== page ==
A History of Ship Street

Drogheda lost another piece of heritage today as the last resident of Ship Street, the dwarf Buckles Loughran, closed his little door for the last time before tomorrow’s auction. Master Loughran is the last of the Ship Street Dwarves to leave as he emigrates to Mornington. Buckles, a confirmed bachelor, accepted an offer on his house from local estate agents Airgead & Moore for an undisclosed sum, not thought to be very much at all. Buckles’s story could have been so different had he of won the lead role in the 1995 movie Frankie Starlight. Instead, his nemisis, local actor Alan Pentony, landed the role and Buckles went to work in the McDonnells soup factory, just like his daddy did.

Built in the early 19th century as a bowling alley and stable complex, Ship Street was the Bettystown Amusement Park of its day. The future Duke of Wellington, Arthur Wellesley, was known to have frequented the bowling alley during his time as a student in Drogheda Grammar School and was an early advocate of the sport. He is also said to have invented the wellington boot on Ship Street, which was prone to flooding even then. The quick thinking future duke had his personal cobbler waterproof his Hessian boots from the innards of a peasant’ s goat as the Boyne river crept up Ship Street during a league game; a game which he lost incidentally.

As factories sprung up around Drogheda port, the industrial revolutions merciless clank led to longer working hours, declining health and ultimately, smaller people. Noticing that the offspring of factory workers were smaller in stature than their parents, the 2nd Earl of Ballsgrove purchased and converted the cottages into tiny homes. The pittance paid factory workers generally coughed themselves into an early grave but not before siring on average 15 children, who in turn, saw their bodies stunt as they adapted to the small confines of the cottages. This was compounded by the Victorian Earl’s cruel sub-dividing of the tiny cottages into ever more diminutive dwellings, swelling his coffers in the process. Over a period of six generations, a colony of dwarves had emerged in Ship Street.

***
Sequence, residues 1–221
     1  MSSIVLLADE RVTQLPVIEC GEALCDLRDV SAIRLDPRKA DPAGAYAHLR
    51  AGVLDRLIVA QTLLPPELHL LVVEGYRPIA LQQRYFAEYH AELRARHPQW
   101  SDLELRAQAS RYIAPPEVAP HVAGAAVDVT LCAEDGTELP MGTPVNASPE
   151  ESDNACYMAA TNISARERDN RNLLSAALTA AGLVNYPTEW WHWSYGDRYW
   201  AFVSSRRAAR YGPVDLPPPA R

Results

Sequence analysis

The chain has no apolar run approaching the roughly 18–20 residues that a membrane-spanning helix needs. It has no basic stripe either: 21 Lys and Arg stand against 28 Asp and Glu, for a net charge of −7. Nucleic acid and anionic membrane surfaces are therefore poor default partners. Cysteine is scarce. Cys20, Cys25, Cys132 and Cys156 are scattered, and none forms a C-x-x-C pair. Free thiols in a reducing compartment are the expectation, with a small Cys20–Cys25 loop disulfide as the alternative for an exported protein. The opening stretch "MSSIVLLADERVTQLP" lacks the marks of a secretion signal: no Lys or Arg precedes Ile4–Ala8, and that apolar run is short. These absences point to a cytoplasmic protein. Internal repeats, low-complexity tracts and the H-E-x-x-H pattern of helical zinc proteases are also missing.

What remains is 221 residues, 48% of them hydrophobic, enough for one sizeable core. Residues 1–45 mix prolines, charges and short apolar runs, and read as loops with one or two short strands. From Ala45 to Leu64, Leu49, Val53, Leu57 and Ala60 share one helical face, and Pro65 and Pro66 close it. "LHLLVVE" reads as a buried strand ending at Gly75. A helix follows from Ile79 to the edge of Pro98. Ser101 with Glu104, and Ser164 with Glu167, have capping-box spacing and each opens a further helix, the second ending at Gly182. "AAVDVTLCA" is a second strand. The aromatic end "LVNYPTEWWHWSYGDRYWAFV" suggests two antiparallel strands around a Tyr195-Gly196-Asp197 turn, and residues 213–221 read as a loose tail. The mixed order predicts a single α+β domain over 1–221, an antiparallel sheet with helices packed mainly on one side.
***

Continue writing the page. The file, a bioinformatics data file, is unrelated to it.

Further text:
The Ship Street dwarves thrived for over a hundred years in a variety of specialized technical roles until industrial decline clasped Drogheda close to her rusting corpse. Many of the colony emigrated to England in the 1960s as Drogheda’s factories became modernised. Those who stayed succumbed to drink, snuff, prostitution and acting.

The architectural results of this social experiment can still be seen today. As the dwarf colony grew, interested social benefactors constructed other dwellings around the town, like Moonans Cottages (off Sundays Gate) and as the dwarf offspring began to morph into pre-industrial revolution sizes, Patrick Street.

The Faa Side wishes Buckles all the best in his future endeavours and hopes he comes back for pantomime season, the St. Patrick’s Day Parade and who knows, maybe one day a statue beside Socks Byrne and the handball guy.

Ship Street was auctioned off on 11th December.